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As a follow up to our Monogram 101 blog post, we thought it'd also be helpful to share some tips on how to properly pluralize last names, especially on those tricky ones ending in 'S', 'X', or the ever elusive 'Z' that seem to never look quite right.
Well fret no more friends, here is our go-to guide for name pluralization and possession!
For those with last names ending in 'Y' such as Kennedy, it might seem proper to change the 'Y' out for an '-ie' this is in fact not correct. The appropriate pluralization of these names is to leave them as-is and simply add an '-s' to the end. Using Kennedy as an example, it would become The Kennedys.
Though it may be tempting to change a name like 'Spellman' to 'Spellmen' in order to pluralize, this is not the case. For names that have a singular noun in the ending, like '-man' for example, all that is needed in order to pluralize is, again, just to add an 's', otherwise you're changing someone's last name, and they're probably not going to be too happy about that! So from our example, Spellman would become The Spellmans. See, that wasn't too hard!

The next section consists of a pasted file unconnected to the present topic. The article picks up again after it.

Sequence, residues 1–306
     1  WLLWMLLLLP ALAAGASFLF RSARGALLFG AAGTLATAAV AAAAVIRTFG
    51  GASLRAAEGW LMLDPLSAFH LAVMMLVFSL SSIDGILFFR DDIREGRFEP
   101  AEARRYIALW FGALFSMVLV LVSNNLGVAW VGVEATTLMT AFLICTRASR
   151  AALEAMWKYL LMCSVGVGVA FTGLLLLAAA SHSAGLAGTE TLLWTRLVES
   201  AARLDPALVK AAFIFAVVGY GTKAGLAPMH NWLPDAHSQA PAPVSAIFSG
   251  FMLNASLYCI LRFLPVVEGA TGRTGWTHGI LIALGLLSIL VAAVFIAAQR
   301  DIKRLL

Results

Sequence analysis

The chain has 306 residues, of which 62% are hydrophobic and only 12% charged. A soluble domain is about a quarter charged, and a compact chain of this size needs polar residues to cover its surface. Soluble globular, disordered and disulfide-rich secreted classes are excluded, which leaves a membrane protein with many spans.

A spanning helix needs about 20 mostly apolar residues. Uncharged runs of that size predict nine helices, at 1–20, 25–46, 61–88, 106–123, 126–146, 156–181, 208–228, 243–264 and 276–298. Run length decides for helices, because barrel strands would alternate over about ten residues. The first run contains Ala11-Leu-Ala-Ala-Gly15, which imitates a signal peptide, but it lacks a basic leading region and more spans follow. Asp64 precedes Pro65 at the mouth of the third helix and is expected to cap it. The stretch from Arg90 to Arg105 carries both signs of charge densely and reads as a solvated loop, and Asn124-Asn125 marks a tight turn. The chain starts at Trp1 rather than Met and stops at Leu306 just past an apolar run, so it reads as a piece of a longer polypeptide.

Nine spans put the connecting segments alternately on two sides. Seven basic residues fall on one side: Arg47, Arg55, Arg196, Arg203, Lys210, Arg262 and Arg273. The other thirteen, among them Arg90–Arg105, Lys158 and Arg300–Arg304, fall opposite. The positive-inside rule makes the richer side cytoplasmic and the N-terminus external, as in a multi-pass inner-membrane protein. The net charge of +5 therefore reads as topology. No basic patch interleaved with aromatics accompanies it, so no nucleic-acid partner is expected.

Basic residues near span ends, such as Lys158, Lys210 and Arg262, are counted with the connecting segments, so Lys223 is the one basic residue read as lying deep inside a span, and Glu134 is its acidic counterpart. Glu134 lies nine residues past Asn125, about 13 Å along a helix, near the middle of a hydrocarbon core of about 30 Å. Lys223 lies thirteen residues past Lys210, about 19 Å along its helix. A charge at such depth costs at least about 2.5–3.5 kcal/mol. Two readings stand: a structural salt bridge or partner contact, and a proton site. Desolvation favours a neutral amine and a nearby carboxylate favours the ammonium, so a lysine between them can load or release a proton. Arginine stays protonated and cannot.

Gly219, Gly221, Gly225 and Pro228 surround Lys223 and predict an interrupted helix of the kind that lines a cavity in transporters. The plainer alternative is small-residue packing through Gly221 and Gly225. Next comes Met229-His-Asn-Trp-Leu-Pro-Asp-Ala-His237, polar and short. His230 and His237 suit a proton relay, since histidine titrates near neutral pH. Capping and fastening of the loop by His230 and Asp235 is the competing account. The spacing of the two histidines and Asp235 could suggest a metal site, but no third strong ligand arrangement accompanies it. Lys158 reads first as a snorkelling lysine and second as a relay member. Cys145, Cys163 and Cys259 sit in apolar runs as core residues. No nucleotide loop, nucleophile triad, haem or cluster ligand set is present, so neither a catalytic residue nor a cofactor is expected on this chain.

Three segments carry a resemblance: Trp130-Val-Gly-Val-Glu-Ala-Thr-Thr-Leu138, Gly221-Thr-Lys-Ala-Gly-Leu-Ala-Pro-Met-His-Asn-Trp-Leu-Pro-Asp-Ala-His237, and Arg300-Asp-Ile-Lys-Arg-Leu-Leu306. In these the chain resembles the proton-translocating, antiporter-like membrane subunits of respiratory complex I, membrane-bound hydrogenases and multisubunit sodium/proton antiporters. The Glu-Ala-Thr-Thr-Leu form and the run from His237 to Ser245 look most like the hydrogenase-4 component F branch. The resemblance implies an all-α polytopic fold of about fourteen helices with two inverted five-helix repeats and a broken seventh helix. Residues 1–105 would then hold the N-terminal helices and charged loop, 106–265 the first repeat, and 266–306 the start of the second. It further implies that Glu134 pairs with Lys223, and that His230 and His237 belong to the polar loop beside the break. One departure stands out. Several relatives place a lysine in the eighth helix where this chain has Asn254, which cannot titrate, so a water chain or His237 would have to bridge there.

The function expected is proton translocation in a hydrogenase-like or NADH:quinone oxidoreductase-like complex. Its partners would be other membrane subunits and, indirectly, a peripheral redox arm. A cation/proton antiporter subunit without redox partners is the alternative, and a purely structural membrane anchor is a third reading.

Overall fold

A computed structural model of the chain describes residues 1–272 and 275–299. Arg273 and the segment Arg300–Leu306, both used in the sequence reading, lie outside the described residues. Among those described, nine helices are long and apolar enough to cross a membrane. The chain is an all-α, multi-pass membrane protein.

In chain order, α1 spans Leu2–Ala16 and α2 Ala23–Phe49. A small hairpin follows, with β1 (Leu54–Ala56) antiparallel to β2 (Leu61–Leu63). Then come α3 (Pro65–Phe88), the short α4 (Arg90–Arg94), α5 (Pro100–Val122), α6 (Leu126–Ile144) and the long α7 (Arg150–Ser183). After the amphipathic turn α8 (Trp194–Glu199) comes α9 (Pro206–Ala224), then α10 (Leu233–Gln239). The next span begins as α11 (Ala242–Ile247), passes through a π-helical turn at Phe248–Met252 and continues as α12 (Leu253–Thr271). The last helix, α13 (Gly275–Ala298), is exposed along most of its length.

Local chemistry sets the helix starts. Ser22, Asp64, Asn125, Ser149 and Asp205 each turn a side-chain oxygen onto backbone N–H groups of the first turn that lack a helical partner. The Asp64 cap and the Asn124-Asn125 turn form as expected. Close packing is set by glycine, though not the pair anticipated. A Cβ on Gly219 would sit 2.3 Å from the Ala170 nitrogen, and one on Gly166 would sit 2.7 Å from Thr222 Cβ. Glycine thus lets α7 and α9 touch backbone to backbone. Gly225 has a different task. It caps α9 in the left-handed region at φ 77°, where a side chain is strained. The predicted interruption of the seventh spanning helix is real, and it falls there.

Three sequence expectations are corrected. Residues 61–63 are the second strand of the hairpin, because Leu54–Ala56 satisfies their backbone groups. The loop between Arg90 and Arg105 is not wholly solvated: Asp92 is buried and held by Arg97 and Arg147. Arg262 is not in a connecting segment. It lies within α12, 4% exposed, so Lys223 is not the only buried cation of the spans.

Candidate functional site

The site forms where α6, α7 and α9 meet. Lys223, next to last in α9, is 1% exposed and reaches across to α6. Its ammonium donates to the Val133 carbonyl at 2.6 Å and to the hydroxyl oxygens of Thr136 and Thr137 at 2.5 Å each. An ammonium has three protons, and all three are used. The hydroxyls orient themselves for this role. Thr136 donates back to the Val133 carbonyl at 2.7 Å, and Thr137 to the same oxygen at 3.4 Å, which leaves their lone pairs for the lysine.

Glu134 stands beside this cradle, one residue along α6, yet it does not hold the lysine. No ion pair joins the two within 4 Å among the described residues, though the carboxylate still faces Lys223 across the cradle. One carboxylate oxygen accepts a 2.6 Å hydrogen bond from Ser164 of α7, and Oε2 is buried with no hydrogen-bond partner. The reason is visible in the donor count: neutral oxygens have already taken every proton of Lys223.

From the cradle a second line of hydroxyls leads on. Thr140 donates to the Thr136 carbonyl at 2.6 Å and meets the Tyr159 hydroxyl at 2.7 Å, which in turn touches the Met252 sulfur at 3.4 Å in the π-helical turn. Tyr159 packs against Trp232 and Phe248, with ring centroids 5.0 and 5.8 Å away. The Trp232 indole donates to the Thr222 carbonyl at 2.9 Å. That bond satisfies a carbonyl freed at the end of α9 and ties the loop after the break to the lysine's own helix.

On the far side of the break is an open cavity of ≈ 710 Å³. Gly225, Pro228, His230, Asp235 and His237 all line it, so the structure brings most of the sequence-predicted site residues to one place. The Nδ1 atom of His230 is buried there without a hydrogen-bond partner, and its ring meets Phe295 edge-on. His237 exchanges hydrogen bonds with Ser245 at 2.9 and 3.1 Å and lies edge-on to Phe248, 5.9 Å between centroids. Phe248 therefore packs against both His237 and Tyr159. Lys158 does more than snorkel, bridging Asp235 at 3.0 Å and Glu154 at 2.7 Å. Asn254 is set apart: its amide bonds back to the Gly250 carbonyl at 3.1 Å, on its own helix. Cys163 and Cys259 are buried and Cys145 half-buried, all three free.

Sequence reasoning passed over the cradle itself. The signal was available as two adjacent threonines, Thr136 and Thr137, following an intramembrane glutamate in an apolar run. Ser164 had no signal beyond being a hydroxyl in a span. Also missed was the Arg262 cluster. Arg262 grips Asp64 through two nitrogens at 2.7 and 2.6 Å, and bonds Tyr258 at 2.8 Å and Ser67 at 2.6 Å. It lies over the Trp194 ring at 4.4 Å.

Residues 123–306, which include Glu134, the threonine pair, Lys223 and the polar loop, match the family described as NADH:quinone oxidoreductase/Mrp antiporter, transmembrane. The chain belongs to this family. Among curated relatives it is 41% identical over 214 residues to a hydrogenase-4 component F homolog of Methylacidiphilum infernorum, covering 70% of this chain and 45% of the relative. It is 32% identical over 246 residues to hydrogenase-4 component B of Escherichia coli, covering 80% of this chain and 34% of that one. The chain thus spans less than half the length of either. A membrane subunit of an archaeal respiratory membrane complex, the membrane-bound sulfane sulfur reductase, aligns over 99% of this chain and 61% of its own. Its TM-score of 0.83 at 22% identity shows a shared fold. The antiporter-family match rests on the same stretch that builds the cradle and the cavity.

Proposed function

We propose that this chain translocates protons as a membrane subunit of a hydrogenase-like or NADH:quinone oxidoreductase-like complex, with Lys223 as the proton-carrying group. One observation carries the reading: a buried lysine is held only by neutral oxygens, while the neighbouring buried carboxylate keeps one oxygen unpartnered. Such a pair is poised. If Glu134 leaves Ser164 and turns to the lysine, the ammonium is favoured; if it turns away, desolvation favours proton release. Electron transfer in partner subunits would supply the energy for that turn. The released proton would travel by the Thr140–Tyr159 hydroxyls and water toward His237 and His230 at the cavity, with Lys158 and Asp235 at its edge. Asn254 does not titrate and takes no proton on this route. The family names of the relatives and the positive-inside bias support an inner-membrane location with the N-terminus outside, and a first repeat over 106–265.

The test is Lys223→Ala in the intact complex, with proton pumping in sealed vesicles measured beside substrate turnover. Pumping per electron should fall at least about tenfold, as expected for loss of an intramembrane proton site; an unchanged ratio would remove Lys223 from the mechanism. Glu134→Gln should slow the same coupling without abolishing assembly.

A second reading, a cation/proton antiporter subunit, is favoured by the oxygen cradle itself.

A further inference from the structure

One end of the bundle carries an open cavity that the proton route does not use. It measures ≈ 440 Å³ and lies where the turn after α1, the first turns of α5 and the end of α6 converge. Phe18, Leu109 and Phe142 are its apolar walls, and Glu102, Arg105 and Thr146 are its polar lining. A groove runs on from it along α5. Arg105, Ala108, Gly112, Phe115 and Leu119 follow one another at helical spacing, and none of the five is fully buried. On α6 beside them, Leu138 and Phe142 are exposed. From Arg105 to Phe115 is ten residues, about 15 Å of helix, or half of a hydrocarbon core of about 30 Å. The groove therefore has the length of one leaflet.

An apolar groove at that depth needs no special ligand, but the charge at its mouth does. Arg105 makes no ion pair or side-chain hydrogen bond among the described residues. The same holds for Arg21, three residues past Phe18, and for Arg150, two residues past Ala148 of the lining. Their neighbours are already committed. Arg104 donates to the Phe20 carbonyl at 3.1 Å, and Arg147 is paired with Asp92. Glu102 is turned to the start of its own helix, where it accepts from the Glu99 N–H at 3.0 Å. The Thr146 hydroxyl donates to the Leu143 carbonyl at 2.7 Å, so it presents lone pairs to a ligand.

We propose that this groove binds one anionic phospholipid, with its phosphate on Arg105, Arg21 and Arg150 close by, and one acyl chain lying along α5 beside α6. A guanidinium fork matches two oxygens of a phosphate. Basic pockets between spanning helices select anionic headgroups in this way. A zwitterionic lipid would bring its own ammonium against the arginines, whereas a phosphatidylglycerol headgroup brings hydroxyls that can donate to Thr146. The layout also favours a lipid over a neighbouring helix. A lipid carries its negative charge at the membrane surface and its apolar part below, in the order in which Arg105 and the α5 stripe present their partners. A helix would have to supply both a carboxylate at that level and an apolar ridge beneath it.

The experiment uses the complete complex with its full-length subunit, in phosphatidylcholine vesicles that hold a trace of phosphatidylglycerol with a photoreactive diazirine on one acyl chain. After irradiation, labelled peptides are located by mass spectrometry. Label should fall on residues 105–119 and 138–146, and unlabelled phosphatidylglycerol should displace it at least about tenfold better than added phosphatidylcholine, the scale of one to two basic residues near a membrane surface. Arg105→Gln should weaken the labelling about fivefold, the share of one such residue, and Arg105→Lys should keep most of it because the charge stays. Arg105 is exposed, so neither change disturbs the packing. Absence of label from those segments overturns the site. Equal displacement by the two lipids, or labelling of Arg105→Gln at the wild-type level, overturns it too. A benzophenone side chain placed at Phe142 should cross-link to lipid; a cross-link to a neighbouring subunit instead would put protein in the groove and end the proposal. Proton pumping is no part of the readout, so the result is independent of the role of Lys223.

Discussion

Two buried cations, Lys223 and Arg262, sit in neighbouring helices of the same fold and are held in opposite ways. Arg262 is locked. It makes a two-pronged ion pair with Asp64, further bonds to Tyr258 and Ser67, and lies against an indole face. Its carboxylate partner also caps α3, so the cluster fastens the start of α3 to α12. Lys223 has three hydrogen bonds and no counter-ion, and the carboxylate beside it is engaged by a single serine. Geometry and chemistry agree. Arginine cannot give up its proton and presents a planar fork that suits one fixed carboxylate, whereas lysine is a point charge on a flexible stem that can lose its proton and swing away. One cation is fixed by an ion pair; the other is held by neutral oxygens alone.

Ok, so now that we've got the easy ones out of the way, lets move onto the more difficult last names that leave you scratching your head on how to pluralize. The rule for last names ending in 'S', 'Z', 'X', 'CH', and 'SH' is to simply add an '-es' in order to turn into their plural form. Some examples of this would include:
If you (understandably) find The Joneses, or The Sanchezes a little too awkward, you should consider rewording to avoid the plural. For instance, The Joneses can become The Jones Family.
Hopefully this post will help you from creating new last names for you or your friends, just remember, NO APOSTROPHES!
The flip side of this post comes the personalization angle. So let's say you want to make a cutting board for Doris and you want it to say Doris's kitchen but realize after typing it that something looks odd. Most of my scholastic career I thought for anything ending in -s to make it a possessive, you just need to add an apostrophe at the end, this is now however a highly debated practice.
Some style books say never add the s after an apostrophe, while others say always do it. Some say that the rule is to only use an apostrophe and no s when the s of the name/word isn't pronounced such as Arkansas, so the correct way to show Arkansas owns something is to format it like Arkansas's, whereas with Texas, it'd look super weird to say Texas's (though this is how you'd pronounce it) and instead would just write Texas'.
So as much as I wish I could tell you one is correct over the other, this just simply is not the case. Without splitting hairs here, I would say go with your gut and use whichever one looks and feels right to you in whichever case you find yourself using it.
If you're still a little unclear on the ins-and-outs of pluralization for personalization, don't hesitate to contact us, we're here to help!